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The Global Economy In Art: Dutch East India Company To Present-Day Mumbai10:00
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"Breathing Flower" by Choi Jeong Hwa on the front lawn of the Museum of Fine Arts, Boston. (Jesse Costa/WBUR)
"Breathing Flower" by Choi Jeong Hwa on the front lawn of the Museum of Fine Arts, Boston. (Jesse Costa/WBUR)
This article is more than 3 years old.

How does a global economy effect daily life and the creation of art? That's a question raised by two different art shows on view in Massachusetts.

"Asia in Amsterdam" at the Peabody Essex Museum displays art in 17th century Netherlands when the Dutch East India Company was at its peak.

And you might have seen the large, inflatable red lotus flower in front of the Museum of Fine Arts in Boston. That's part of their new "Megacities Asia" exhibit, a collection of huge sculpture creations from artists based in Beijing, Shanghai, Delhi, Mumbai, and Seoul.

Guest

Sebastian Smee, Pulitzer Prize-winning art critic for The Boston Globe. He tweets @SebastianSmee.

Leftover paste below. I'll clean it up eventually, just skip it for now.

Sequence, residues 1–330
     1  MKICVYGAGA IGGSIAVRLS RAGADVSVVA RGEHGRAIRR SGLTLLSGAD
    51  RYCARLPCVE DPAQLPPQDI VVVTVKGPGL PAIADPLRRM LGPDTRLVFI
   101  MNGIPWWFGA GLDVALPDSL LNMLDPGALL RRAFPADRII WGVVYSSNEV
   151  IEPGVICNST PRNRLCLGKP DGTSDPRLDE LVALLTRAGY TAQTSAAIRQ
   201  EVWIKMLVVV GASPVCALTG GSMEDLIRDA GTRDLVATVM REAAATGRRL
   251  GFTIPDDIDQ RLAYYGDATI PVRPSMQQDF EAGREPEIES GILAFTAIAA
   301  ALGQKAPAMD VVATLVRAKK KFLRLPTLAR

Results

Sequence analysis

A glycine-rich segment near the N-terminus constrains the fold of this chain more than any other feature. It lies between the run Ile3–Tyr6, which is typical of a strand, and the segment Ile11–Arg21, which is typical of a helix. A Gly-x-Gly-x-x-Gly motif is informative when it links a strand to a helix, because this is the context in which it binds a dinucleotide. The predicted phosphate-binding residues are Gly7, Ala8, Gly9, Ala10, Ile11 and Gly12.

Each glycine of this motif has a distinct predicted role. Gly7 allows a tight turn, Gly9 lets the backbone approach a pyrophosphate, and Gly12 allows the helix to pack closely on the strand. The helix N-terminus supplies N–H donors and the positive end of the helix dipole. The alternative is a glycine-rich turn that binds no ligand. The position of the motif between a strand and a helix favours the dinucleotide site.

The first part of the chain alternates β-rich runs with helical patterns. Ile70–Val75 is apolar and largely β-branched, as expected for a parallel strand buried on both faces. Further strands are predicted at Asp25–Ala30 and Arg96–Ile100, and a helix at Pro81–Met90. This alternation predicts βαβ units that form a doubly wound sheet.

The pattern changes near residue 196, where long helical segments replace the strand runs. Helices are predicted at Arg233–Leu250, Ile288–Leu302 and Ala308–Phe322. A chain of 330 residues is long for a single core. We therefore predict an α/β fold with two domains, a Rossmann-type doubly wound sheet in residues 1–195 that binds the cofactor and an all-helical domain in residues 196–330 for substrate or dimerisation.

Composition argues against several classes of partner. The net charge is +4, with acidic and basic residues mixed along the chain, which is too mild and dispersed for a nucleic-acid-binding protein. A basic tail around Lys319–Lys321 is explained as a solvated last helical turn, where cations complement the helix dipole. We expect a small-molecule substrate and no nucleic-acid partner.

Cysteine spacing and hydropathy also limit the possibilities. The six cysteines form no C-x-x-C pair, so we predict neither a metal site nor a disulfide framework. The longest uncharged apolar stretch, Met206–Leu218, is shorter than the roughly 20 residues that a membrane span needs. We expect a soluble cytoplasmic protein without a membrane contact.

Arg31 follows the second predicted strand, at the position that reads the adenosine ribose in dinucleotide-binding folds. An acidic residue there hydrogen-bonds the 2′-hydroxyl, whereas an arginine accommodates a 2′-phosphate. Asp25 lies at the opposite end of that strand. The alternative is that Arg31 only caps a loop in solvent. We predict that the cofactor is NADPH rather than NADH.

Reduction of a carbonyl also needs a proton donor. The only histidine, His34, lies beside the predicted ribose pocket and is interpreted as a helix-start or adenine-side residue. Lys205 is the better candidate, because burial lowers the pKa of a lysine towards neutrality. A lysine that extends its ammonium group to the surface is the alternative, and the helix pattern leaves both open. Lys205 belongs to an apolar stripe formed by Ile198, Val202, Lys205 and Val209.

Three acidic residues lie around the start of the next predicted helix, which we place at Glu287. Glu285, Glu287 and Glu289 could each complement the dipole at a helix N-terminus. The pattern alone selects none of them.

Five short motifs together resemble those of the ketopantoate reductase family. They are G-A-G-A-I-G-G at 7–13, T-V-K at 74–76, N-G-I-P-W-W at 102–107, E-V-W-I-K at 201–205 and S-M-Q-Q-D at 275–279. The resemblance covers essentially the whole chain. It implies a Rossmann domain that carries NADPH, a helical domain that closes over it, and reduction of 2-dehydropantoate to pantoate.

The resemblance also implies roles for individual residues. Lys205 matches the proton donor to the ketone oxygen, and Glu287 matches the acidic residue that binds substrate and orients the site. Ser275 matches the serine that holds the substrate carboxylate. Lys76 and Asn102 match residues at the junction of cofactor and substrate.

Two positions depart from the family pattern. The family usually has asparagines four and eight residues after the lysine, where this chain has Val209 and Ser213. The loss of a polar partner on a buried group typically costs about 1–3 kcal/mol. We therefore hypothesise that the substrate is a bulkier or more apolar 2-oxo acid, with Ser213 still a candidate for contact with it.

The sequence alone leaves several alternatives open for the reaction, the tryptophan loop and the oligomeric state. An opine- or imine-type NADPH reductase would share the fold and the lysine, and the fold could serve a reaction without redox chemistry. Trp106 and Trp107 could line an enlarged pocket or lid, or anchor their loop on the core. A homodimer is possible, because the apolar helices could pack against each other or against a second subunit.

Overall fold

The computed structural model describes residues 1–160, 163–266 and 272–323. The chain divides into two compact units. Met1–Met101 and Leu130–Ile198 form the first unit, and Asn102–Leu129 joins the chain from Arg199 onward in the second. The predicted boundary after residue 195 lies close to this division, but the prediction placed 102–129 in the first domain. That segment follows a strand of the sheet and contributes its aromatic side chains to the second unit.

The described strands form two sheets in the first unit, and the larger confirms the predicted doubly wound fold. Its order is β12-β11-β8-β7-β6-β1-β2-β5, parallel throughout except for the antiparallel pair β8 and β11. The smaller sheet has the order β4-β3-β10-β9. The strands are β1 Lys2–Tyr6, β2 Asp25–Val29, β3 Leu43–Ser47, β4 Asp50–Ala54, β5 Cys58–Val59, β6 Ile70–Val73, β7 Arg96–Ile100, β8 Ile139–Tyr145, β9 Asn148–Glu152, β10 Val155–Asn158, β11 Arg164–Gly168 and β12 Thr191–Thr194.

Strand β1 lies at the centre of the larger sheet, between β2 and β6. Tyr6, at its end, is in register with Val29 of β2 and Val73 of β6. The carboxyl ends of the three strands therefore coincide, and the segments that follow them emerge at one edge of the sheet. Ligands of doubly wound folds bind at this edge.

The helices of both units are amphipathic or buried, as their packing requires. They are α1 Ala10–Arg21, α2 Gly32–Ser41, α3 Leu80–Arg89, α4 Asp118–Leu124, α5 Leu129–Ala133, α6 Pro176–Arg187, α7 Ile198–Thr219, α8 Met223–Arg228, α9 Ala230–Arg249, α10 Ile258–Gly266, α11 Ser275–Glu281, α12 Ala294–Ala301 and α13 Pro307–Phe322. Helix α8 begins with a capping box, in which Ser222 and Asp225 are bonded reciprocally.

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The Boston Globe: How To Succeed In Business: See ‘Asia In Amsterdam’

  • "The naivete — the almost astral idiocy — of those who would wish to separate art and commerce has always bewildered me. Without commerce, art and culture would scarcely exist. It certainly wouldn’t survive."

The Boston Globe: Art In ‘Megacities Asia’ At MFA Evokes Life In Cities Of 10 Million Or More

  • "Loneliness accumulates in cities. So does desire. Stay out late enough, and you will see them both delivered by men rolling trolleys from the thousands of trucks that slide into the city each night. What else accumulates in cities? Why, artists of course."

This segment aired on March 31, 2016.

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